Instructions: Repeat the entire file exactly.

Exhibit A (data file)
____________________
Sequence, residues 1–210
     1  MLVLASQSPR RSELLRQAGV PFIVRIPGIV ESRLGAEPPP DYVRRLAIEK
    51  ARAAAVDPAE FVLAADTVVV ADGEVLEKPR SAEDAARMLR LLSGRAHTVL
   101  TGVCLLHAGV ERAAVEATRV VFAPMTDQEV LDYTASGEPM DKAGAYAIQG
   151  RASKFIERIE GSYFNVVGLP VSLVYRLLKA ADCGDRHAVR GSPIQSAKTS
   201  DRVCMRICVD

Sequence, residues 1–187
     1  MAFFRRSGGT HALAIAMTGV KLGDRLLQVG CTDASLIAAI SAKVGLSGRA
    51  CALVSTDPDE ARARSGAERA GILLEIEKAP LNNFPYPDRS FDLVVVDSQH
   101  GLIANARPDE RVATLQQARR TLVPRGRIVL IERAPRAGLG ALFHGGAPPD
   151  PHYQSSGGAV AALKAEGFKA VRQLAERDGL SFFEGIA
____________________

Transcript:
Sequence, residues 1–210
     1  MLVLASQSPR RSELLRQAGV PFIVRIPGIV ESRLGAEPPP DYVRRLAIEK
    51  ARAAAVDPAE FVLAADTVVV ADGEVLEKPR SAEDAARMLR LLSGRAHTVL
   101  TGVCLLHAGV ERAAVEATRV VFAPMTDQEV LDYTASGEPM DKAGAYAIQG
   151  RASKFIERIE GSYFNVVGLP VSLVYRLLKA ADCGDRHAVR GSPIQSAKTS
   201  DRVCMRICVD

Sequence, residues 1–187
     1  MAFFRRSGGT HALAIAMTGV KLGDRLLQVG CTDASLIAAI SAKVGLSGRA
    51  CALVSTDPDE ARARSGAERA GILLEIEKAP LNNFPYPDRS FDLVVVDSQH
   101  GLIANARPDE RVATLQQARR TLVPRGRIVL IERAPRAGLG ALFHGGAPPD
   151  PHYQSSGGAV AALKAEGFKA VRQLAERDGL SFFEGIA